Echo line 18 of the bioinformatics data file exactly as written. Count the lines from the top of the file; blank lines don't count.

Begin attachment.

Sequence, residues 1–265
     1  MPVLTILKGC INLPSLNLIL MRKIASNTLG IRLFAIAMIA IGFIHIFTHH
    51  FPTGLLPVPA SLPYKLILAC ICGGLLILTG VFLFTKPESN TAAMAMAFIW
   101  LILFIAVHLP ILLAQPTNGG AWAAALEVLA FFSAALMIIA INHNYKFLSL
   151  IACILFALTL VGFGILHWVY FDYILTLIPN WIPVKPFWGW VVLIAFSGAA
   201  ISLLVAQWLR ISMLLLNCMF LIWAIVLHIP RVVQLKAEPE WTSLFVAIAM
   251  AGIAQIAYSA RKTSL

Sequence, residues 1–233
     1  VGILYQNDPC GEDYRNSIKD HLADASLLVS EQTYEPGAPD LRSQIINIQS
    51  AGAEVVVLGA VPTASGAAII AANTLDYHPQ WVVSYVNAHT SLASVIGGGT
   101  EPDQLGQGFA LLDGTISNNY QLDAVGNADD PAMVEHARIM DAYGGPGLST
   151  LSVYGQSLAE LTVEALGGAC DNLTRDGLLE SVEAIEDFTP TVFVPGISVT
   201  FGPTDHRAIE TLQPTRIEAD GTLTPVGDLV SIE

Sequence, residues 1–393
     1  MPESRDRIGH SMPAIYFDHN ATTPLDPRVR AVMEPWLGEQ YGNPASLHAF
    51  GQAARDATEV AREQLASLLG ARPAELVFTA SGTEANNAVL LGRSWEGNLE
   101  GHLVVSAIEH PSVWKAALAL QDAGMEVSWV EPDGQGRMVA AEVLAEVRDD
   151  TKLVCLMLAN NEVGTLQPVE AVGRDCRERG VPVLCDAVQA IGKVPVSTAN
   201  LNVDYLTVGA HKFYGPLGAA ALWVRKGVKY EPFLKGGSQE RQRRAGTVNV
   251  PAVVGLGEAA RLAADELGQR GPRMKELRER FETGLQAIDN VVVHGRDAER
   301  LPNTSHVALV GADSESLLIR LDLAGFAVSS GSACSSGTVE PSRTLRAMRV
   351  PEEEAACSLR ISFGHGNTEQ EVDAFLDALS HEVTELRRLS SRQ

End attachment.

   151  TKLVCLMLAN NEVGTLQPVE AVGRDCRERG VPVLCDAVQA IGKVPVSTAN